'Massive' PR Campaign Underway To Reject Calls For Biden To Drop Out

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by Tyler Durden
Monday, Jul 01, 2024 - 04:15 PM

Following this weekend's conclave between President Joe Biden and his family advisors, a 'massive' PR campaign is underway to reject calls for him to drop his re-election campaign and rally Democrats to stop publicly debating about his age and future, Axios reports.

According to the report, Biden has 'zero interest' in stepping aside, while First Lady Jill Biden, family and friends agree despite the fact that the Democratic party doesn't want him to continue following last Thursday's horrendous debate that validated years of reporting on the president's cognitive decline.

Biden, who has avoided tough interviews and taking actual questions during press conferences, is now considering doing so in a town hall format, or a big one-on-one interview, or both.

This weekend's Sunday gathering at Camp David included a 'long-scheduled session with celebrity photographer Annie Leibovitz, while the Bidens insisted that Joe stay in the race.

"They're all-in, and want him to stay in," a Biden source told Axios, adding that the campaign is "charging ahead."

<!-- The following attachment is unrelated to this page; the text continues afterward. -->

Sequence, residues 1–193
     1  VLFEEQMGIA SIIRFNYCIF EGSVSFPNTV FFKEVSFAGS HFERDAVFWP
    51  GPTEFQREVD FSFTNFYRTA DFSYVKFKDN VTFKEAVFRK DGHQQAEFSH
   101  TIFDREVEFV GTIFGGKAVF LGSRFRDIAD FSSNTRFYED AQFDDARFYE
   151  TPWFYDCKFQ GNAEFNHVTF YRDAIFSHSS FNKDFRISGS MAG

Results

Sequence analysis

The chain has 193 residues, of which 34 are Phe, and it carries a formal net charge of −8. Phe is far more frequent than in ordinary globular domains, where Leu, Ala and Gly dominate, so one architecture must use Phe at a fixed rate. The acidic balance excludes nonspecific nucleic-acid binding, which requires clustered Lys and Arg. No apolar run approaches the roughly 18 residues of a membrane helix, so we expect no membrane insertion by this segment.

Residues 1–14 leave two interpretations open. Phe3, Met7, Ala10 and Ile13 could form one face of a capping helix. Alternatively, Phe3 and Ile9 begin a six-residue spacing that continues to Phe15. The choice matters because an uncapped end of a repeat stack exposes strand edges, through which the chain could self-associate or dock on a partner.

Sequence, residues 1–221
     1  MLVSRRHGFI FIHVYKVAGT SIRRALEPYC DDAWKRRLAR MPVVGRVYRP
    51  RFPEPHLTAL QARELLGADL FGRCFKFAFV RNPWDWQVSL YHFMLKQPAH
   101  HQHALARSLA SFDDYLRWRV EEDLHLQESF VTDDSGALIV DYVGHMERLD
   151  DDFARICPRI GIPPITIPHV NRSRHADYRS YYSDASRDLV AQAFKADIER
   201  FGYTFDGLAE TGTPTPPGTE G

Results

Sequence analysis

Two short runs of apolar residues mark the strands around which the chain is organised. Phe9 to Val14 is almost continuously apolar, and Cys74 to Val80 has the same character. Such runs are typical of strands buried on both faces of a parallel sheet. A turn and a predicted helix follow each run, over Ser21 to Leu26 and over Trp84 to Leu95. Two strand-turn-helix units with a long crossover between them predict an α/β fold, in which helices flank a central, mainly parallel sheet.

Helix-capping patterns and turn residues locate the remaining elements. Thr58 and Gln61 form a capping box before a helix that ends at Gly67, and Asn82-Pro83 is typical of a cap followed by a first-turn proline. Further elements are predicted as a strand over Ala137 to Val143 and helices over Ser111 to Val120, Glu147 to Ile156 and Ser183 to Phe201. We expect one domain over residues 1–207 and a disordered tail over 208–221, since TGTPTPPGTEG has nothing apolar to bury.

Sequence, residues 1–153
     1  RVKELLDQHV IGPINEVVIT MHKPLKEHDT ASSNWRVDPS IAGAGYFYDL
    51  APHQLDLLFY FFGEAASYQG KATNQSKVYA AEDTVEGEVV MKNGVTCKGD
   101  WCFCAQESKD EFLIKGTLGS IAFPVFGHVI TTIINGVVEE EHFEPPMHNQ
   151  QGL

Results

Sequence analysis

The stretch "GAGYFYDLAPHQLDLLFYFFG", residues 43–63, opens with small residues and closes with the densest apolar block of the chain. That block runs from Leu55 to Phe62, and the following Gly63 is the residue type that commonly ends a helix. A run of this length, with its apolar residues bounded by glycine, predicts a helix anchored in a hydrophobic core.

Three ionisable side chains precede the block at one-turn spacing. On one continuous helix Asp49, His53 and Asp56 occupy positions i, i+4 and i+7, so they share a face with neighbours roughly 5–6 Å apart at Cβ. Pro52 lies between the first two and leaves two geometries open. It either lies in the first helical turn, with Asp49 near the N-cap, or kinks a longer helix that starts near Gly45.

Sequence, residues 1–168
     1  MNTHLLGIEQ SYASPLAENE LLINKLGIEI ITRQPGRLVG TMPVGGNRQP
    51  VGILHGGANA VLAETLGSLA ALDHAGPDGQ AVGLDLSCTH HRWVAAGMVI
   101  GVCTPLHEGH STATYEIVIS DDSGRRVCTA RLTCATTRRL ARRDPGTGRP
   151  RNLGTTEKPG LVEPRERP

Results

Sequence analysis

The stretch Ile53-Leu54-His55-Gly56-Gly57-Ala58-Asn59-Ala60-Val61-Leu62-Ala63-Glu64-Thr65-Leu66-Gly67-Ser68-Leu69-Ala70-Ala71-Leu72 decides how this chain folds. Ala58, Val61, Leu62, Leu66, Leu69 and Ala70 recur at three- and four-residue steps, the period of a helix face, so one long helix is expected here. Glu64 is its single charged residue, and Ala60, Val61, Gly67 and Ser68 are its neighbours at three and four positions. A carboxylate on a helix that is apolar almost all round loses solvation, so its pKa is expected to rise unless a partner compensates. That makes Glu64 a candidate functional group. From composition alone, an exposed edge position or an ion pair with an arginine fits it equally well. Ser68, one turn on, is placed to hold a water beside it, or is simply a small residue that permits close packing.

Behind the scenes: Some Biden friends and family blamed longtime aides who had prepped Biden. They complained about everything from data-heavy answers to his makeup to his briefing on camera angles.

  • But the president smoothed it over: He called former chief of staff Ron Klain, who led the team, and one of the things they talked about was that neither he nor the family blames the prep.
  • Campaign spokesman Kevin Munoz told us: "The aides who prepped the president have been with him for years, often decades, seeing him through victories and challenges. He maintains strong confidence in them."
  • Klain, who is expected to lead Biden's prep for the second debate — on ABC on Sept. 10 — told us: "In 38 years of working with Joe Biden, we've had many successes and some failures. I'm always happy to share in the good results and assume my share of the responsibility for the times we've come up short."